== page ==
The least upper bound property says that, "Every nonempty subset of $A$ that $is$ bounded above has a least upper bound." The great lower bound property is defined similarly, and it's not difficult to show that one property holds if and only if the other holds. The key lies in the assumption that we only deal with subsets that are bounded below to show they must have an inf.

On the other hand, an old homework (question 5) of mine says to prove that if every subset of a poset has an inf then every subset must also have a sup; I just don't believe this because one must first prove that such subsets are even bounded above (and this was not stated in the problem).

There's also this post on Stack Exchange which has no answer, though the OP believes to have found an answer, it doesn't look good.

Is it fair to say that the homework question is just wrong and what was intended to be said is something like, "Prove the equivalence of the lub and glb properties."?

  • $\begingroup$ Yes, I agree. My point is this: I think the intent was to ask us to show the equivalence of lub and glb properties. $\endgroup$ – Squirtle May 29 '15 at 19:36
  • $\begingroup$ Did you read Ittay's comment on the linked post? $\endgroup$ – anon May 29 '15 at 19:45
  • $\begingroup$ Yes, but I was a little confused by it. I'm assuming that if the set of least upper bounds for a subset $S$ is empty then inf($\emptyset)=\sup(A)$ and this is an upper bound for $S$, contradicting that the set of upper bounds is empty. It just doesn't quite feel right, I realize $\emptyset\subset A$ and so $\inf(\emptyset)$ exists by our assumption, but I suppose I don't see why $\sup(A)$ exists, if it exists then I believe they are equal. $\endgroup$ – Squirtle May 29 '15 at 19:51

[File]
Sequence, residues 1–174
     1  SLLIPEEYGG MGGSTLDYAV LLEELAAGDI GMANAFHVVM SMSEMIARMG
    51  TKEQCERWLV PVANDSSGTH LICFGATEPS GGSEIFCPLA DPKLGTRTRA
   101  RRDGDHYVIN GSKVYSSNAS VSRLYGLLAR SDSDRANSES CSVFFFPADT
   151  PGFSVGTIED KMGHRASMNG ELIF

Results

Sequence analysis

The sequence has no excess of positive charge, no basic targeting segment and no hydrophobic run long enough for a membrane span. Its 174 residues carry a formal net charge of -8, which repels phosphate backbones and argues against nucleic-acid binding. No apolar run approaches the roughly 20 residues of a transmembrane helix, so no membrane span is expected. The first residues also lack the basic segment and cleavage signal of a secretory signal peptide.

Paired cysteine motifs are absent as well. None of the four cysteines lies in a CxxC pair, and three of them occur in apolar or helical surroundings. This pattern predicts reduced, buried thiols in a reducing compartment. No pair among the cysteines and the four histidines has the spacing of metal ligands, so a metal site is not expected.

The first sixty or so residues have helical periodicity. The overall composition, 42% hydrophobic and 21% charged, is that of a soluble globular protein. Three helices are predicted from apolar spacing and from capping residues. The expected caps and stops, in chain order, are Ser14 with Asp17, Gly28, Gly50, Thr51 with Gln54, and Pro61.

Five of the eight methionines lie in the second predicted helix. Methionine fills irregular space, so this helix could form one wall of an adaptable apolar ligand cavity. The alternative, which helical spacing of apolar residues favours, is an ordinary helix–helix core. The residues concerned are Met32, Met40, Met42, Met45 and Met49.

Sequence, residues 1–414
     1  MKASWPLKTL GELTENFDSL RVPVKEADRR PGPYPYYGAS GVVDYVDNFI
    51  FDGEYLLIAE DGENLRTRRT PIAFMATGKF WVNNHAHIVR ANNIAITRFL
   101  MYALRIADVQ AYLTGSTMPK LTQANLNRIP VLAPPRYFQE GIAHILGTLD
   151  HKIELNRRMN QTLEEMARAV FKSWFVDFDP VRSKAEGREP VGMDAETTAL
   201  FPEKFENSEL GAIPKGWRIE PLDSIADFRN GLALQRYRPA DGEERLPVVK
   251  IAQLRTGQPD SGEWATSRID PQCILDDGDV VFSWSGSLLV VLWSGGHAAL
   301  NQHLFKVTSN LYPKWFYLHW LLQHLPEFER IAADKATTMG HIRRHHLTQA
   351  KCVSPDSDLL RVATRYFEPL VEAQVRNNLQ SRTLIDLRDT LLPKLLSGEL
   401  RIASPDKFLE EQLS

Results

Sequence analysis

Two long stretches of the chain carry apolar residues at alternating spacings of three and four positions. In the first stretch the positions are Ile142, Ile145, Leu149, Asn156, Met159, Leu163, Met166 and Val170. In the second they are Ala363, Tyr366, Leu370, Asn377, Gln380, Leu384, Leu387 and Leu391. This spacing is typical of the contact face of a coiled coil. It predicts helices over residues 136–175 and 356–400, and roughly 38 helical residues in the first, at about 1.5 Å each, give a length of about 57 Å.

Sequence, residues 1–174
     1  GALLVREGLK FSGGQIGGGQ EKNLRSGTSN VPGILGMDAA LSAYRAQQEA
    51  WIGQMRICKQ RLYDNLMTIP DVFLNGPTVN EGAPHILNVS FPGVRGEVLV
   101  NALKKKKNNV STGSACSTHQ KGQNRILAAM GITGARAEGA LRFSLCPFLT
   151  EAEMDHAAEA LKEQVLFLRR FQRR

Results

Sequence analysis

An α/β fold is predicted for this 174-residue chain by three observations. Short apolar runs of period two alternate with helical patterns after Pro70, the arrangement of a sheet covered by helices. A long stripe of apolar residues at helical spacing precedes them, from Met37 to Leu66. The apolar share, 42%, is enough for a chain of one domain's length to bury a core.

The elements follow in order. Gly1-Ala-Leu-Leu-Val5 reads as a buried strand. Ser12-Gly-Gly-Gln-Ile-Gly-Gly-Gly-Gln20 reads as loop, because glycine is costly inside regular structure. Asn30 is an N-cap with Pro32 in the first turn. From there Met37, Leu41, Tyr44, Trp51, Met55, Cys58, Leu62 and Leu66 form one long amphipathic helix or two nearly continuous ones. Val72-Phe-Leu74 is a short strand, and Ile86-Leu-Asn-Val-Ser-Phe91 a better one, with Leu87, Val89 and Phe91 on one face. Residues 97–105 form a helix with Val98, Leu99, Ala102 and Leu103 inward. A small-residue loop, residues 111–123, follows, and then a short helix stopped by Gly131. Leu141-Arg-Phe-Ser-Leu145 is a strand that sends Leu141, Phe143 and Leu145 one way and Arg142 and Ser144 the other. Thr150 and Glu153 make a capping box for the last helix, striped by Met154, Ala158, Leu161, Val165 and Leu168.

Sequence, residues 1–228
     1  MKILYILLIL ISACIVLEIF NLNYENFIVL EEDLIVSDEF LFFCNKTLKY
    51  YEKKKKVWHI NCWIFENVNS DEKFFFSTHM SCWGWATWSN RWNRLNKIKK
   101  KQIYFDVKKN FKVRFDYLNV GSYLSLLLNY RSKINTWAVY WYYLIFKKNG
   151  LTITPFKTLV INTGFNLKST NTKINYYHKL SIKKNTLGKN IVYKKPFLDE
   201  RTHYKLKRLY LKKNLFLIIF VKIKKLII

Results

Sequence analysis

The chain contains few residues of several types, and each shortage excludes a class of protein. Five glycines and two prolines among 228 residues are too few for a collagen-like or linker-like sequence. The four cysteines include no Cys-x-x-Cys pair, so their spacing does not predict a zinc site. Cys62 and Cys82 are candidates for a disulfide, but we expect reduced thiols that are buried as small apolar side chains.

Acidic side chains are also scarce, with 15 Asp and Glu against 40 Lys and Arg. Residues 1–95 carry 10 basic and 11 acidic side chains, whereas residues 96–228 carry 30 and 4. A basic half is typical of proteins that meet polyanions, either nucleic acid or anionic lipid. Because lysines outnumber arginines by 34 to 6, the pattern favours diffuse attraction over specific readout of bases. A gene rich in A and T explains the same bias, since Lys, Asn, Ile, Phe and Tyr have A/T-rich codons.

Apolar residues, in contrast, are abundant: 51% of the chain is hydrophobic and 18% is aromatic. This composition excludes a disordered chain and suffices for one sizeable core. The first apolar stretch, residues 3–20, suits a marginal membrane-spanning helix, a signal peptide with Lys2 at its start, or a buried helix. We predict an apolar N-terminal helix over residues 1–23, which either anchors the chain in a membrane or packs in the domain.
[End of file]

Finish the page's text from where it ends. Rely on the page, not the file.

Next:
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    $\begingroup$ I assume your $A$ is the whole poset. The $\sup$ of $A$ exists; it's $\inf(\varnothing)$. Every element of $A$ is a lower bound for $\varnothing$ vacuously, and $\inf(\varnothing)$ is greatest among lower bounds, i.e. greatest among all elements. $\endgroup$ – anon May 29 '15 at 19:56
  • $\begingroup$ Yes, $(A,\le)$ is my poset. Because the inf always exists then $\inf(\emptyset)\in A$, and if there were another element, say $x$, greater than all elements of $A$ the above argument would also show that it's less than or equal to $\inf(\emptyset)$ hence equal to $\inf(\emptyset)$. I guess working with the empty set is a little weird, I'm actually surprised there was nothing wrong with the homework. $\endgroup$ – Squirtle May 29 '15 at 20:09

Here's a resolution: every subset has an inf, including the empty set. The inf of the empty set is a maximal element for the poset, so every subset has an upper bound.


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